We are always on the lookout for new and interesting things that we think you may be interested in, extending your holiday beyond relaxing by the pool, or for those of us who live here discovering something new.
We have written about some other hidden gems in previous editions.
And of course, please do not hesitate to contact us with some of your own treasures that you would like to share with readers.
Es Migjorn Gran, 14-15 August 2016
Sticking with the art theme, the Migjornale celebrates Island art with twenty of the local residents of Es Migjorn Gran opening their houses to the public. Visitors can wander around looking at the artworks on display and also peep inside some of the finest houses in the town.
It is the tenth year this year, so I know they have some plans to celebrate. Expect music, food and fun. The event is held in the evenings.
2. Cales Fonts
Cales Fonts in Es Castell is the most easterly part of Spain, so has the advantage of seeing the sunrise first. You will obviously have to get up early to see it, but head for the mouth of the harbour where you will find a sculptured arch to frame this glorious sight.
3. La Mola – Mahon Harbour
A huge fortress on the north entrance of the harbour, this is well worth an explore. It remains in good condition, and was active until recently. The British started construction of the fort in the eighteenth century, but finished in 1832 by the Spanish, who had taken over the Island and used it to help repel the British. Lots of underground bunkers and cannons to discover, and they do guided tours.
You need a car to visit, or you can take a water taxi from Cales Fonts.
Open 10am – 8pm every day except Monday.
Entry 8 euros for adults. www.fortalesalamola.com.
4. The 2016 Mehari Rally
Friday 26 August 2016. Starts 11am Binifadet, ends lunchtime at the Mahon Aerodrome
The Citroen Mehari, based on the modest Citroen 2CV, is a familiar sight on the Island; multicoloured and open topped, it’s the perfect summer beach car. Every year for the past six years, owners of these quirky little cars have gathered, dressed the cars up in fancy dress, and rallied around the Island, before gathering for drinks and lunch.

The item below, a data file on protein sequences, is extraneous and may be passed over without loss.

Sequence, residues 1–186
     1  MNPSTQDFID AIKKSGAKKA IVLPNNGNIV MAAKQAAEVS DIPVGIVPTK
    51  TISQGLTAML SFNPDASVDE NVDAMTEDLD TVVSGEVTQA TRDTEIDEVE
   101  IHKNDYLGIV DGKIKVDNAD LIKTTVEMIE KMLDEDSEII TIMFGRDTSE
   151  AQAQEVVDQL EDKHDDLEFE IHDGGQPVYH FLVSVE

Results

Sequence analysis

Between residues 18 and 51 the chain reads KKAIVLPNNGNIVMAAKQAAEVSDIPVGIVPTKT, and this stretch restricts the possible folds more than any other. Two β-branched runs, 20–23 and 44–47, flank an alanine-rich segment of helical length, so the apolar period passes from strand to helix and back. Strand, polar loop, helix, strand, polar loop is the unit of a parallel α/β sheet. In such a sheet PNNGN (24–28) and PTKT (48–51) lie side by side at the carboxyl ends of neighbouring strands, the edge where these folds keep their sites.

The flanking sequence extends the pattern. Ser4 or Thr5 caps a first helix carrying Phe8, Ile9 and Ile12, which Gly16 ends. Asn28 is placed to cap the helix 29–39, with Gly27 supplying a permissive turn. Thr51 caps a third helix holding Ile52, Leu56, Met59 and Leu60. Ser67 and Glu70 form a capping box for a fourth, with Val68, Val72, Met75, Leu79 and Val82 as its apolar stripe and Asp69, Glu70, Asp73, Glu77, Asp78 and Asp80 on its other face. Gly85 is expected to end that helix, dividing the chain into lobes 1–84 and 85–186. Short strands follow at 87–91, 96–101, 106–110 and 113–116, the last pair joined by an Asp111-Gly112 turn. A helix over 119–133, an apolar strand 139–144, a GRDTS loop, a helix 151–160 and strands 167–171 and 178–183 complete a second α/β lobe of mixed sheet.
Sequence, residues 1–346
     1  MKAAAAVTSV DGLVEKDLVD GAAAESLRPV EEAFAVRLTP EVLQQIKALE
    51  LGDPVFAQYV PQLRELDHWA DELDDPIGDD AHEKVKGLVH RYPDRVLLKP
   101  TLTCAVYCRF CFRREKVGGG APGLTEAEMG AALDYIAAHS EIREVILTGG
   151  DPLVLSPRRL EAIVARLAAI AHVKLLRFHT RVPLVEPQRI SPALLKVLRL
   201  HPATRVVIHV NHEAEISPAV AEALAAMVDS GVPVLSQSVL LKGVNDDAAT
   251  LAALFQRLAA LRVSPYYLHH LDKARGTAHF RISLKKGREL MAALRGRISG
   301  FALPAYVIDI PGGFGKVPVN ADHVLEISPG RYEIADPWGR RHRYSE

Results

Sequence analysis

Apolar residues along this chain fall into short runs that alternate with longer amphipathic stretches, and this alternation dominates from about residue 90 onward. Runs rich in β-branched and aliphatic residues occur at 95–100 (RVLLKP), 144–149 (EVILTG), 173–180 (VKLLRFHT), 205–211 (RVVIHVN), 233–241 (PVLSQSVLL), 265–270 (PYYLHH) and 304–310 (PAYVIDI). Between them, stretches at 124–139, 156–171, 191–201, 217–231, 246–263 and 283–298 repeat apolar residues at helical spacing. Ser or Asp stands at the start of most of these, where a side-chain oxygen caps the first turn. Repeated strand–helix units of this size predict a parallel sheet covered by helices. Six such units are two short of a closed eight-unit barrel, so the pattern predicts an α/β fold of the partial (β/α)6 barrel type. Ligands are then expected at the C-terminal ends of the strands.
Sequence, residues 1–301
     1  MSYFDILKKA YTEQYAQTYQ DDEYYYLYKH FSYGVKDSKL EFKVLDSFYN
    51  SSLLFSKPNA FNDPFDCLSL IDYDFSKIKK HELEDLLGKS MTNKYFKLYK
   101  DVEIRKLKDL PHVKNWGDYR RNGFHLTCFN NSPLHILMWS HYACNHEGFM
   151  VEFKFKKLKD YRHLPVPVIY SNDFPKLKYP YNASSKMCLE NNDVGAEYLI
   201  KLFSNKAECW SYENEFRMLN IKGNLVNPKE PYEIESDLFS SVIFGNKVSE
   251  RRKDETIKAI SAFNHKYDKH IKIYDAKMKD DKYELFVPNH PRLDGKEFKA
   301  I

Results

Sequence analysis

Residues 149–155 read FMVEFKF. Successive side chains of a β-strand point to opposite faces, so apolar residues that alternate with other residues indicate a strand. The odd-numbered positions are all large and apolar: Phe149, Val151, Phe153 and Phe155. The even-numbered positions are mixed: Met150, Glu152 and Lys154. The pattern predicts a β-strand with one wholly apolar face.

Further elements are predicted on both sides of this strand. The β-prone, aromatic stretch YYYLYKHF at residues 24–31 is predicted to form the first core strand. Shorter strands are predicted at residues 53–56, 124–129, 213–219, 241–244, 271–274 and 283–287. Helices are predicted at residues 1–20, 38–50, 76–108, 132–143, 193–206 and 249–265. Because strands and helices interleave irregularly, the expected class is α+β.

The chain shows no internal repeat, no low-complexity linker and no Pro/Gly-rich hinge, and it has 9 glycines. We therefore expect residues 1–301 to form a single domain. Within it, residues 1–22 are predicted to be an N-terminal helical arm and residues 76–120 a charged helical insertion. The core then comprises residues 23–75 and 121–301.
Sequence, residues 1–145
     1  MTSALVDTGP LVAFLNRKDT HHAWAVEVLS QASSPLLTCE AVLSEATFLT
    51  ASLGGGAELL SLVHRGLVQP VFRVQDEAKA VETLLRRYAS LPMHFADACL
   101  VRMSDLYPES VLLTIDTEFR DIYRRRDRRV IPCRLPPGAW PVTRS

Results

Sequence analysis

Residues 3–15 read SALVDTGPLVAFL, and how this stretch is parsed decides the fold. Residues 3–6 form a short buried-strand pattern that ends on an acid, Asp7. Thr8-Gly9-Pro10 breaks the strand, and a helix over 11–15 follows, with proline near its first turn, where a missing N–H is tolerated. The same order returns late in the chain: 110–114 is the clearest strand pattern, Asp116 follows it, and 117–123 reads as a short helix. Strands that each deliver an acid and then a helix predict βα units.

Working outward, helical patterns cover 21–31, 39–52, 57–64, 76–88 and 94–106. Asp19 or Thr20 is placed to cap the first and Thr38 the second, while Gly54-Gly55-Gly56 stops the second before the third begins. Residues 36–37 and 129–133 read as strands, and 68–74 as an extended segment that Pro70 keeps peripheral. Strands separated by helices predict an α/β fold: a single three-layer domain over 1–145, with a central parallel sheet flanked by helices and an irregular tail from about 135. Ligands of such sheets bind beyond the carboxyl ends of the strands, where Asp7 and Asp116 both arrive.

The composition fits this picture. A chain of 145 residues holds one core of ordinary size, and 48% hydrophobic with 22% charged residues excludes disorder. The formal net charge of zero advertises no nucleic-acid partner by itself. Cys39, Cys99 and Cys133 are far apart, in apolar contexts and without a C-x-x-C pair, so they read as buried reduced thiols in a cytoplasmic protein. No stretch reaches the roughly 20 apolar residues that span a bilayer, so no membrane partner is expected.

Designed in 1968 by Roland de La Poype, a successful French ﬁghter ace during World War II: he came up with the idea of a car with the versatility and economy of the 2CV but built with jazzier materials. Constructed from ABS (Acrylontrile Butadiene Styrene) for extra lightness, it could be coloured in all manner of vivid hues. In addition, the whole top can be folded down, including the windscreen, making it a truly open-topped car. A deck-chair striped material canopy, or any other material of your choice, adds the ﬁnishing touch.
Contact David Bell on 0034 665604112, or email firstname.lastname@example.org for full details and registration.
5. Sunset Picnic at Binisafua
It doesn’t have to be Binisafua, but this location boasts beautiful sunsets. Two of our readers ventured onto the rocks at around 7.30pm to set up camp, went for a late refreshing swim, and then set up a red picnic – everything to eat and drink in reds! Red meats, red salad, red fruits, rose wine, red napkins. By the time of the sunset only a handful of others were left enjoying the sunset experience, but without the picnic. Be warned! Some of the swimmers are lightly clad!
Why not try it yourselves, and send us some images of the experience.
6. Lazereto, Mahon
This is a really fascinating trip. Take the short ferry ride from Calas Fons at 5.30pm on Tuesday and Thursday, for a two-hour guided tour of the old quarantine island in Mahon Harbour, established to prevent the spread of plague, yellow fever and the like.
It was one of a number of such islands throughout The Med, and established here in Menorca as it was the most easterly point and of course an island. Any disease could then be restricted to Menorca and stopped from spreading into mainland Europe.
So depending on the level of danger from clean, suspect, unclean and infected, the sailors and cargo then had to stay between 20 and 40 days in different areas of Lazereto before being allowed to continue their journey. It must have been a challenging place to stay in the 18th century, which is apparent as it is so well maintained. Excellent guide brought the whole experience to life.
Trips over are in Tuesday and Saturday mornings and Thursday and Sunday afternoons. The cost is 18 euros per adult, and you need to buy a ticket from Vijas Magon agencies before you go. Best to wear sensible shoes, and take some drinks with you.